Ignited by a flare-up in violence in the Middle East, world oil prices hit fresh record highs on Friday, with prices in New York and London at one stage broaching US$78.
Crude oil prices have spiked in recent days as Israel launched a wide military offensive across Lebanon, partly in response to the kidnapping of two soldiers, and Hezbollah guerrillas fired rockets into northern Israel.
New York's main contract, light sweet crude for delivery in August, rallied US$0.33 to close at US$77.03 a barrel on Friday after the contract struck an all-time high of US$78.40 overnight in electronic deals.
In London, Brent North Sea crude for August delivery settled at US$77.27 a barrel, up US$0.58 from Thursday. Brent had hit a record high of US$78.03 in earlier electronic trading on Friday.
Traders said tensions over Iran's nuclear program had also fueled the price gains as some analysts said oil prices looked set to break the US$80 barrier, with some even talking about the possibility of prices striking US$100.
"Oil prices are very sensitive to tensions in the Middle East, the source of more than a fifth of world oil output," Sucden analyst Michael Davies said.
However, adjusted for inflation, current oil prices remain below levels reached after the 1979 Iranian revolution of about US$85 in today's money.
Crude futures began hitting fresh peaks on Thursday, beating all-time highs recorded on July 7 on the back of geopolitical angst over major crude producer Iran and missile tests carried out by North Korea.
"We have to conclude that this will get worse before it gets better, and the possibility exists that forces may have been unleashed that may be difficult or even impossible to contain," said John Kilduff, an energy analyst with Fimat USA.
Developments in Israel and North Korea -- which are not oil producing nations -- have rocked world oil markets because they have led to heightened global tensions as a violent insurgency continues to rage in oil-rich Iraq.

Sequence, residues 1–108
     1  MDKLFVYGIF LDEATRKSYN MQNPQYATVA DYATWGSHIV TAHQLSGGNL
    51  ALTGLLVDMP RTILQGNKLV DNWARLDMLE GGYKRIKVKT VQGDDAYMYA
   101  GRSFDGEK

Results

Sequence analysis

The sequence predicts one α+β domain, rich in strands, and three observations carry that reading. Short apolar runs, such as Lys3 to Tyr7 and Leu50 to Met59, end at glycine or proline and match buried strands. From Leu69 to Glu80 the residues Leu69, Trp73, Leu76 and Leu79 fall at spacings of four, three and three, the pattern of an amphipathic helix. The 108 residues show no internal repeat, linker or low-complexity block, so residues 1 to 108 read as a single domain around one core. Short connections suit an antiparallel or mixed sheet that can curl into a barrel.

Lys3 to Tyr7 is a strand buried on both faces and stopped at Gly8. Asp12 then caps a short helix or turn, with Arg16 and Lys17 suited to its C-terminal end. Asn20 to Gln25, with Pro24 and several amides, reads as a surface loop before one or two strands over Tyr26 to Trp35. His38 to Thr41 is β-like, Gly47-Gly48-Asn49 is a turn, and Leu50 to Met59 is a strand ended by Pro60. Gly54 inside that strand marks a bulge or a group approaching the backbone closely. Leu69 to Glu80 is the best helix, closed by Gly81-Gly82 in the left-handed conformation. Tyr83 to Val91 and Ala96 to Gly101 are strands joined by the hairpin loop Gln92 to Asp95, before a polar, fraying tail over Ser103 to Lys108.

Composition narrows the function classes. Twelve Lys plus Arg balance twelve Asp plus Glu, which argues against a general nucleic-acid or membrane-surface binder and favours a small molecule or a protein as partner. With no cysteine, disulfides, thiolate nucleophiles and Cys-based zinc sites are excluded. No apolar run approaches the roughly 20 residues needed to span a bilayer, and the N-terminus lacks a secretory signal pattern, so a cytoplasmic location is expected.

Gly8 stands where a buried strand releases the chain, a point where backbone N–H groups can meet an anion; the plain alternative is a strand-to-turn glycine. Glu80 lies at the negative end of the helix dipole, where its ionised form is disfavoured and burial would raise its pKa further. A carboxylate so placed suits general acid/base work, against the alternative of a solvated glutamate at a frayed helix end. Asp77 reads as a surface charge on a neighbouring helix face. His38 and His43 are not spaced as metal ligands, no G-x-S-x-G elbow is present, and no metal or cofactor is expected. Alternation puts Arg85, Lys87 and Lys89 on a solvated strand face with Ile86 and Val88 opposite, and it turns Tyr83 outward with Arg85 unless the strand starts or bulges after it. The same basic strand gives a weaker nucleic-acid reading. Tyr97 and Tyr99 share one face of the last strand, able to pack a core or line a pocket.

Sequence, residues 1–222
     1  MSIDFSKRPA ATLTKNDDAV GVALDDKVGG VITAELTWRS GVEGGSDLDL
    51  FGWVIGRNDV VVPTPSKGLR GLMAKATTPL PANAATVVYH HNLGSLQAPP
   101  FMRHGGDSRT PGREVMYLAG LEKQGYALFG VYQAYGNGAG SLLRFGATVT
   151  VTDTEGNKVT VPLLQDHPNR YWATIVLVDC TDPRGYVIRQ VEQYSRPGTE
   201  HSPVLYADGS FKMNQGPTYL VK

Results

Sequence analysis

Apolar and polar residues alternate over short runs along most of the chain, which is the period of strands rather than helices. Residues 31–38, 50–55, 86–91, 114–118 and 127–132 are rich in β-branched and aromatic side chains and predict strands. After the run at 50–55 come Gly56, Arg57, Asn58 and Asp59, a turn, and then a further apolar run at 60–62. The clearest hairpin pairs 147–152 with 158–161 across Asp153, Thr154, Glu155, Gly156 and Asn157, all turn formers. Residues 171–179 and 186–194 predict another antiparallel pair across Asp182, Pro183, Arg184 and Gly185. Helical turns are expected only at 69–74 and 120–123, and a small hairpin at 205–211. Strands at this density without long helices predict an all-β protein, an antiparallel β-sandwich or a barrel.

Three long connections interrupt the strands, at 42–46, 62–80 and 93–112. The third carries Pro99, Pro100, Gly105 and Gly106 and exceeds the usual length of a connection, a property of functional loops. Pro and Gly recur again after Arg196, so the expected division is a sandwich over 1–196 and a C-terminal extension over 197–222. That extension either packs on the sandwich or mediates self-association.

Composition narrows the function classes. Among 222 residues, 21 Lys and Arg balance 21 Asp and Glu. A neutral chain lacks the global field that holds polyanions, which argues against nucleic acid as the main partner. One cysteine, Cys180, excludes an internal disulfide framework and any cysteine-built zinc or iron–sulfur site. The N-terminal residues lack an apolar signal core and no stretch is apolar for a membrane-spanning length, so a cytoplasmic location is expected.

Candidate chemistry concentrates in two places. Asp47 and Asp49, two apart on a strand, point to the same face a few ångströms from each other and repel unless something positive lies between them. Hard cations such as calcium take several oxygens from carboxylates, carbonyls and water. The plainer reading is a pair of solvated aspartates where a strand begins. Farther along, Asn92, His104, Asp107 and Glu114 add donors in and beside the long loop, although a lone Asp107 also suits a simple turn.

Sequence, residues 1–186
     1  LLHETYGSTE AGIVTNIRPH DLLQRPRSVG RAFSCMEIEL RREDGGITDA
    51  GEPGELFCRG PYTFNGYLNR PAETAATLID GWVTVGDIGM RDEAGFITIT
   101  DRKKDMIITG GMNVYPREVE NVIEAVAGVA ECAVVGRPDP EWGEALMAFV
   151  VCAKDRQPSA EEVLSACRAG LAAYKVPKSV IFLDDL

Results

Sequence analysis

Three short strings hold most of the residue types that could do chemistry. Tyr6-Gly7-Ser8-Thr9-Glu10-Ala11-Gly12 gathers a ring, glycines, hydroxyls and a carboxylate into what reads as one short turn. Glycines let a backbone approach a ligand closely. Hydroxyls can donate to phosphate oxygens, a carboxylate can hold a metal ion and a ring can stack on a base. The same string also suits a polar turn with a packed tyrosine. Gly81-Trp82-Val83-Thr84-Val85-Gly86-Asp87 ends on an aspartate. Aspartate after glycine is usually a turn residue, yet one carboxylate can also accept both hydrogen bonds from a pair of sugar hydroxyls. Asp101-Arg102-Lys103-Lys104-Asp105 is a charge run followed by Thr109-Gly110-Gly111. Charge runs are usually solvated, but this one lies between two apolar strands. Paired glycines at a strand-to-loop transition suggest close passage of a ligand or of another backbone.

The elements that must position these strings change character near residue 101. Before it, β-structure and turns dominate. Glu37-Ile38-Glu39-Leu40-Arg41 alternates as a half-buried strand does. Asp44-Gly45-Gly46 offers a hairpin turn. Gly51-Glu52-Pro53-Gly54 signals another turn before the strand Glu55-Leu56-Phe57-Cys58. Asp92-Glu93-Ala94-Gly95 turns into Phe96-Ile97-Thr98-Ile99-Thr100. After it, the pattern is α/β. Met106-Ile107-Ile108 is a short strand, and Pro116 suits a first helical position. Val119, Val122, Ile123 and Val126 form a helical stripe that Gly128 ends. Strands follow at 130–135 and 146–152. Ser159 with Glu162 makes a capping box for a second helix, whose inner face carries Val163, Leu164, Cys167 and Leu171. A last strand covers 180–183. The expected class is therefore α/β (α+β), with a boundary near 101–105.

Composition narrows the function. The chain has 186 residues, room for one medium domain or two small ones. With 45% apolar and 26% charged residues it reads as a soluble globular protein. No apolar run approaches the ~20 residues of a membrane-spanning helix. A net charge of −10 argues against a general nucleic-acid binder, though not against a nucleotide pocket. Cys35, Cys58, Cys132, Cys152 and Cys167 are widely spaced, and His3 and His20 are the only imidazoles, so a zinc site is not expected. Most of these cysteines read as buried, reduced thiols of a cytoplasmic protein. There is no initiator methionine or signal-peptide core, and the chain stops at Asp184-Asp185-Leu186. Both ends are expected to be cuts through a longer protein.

"It seems like hitting US$80 a barrel is inevitable," said Victor Shum, a Singapore-based analyst with the energy consultancy Purvin and Gertz.
"We're in uncharted territory. It is a result of a confluence of a number of geopolitical events in a tight market that shows healthy demand growth."
Shum said oil at US$100 a barrel was "still quite a bit off from where we are today, [but] there is certainly the potential for it to hit that."
Four civilians were killed and dozens others were wounded in Israeli attacks on Lebanon Friday, police said, raising to well over 50 the death toll since the start of the offensive two days ago.
Israeli Prime Minister Ehud Olmert on Friday gave the green light to further raids in Lebanon, as officials vowed to repel a hail of deadly Hezbollah rocket attacks, Israeli public radio reported.
Iran meanwhile continued its defiance of Western efforts to curb its nuclear research program, with President Mahmoud Ahmadinejad warning on Thursday that Tehran could halt UN inspections and quit the nuclear Non-Proliferation Treaty.
His statement came after world powers referred the crisis over Iran's disputed nuclear drive back to the UN Security Council, raising the prospect of sanctions.
There are concerns Iran could retaliate by cutting oil output or even by blocking the strategic Strait of Hormuz, a key gateway for Middle East oil shipments.
Tony Nunan, the Tokyo-based manager for energy risk management at Mitsubishi Corp, agreed US$100 oil was a possibility.
"I don't want to cause panic in the market ... but I think the market has to understand that triple-digit [oil prices] are not a fantasy anymore and are definitely possible," he said.
"We'll definitely be seeing US$80. It could either gradually escalate ... or it could explode," Nunan said.
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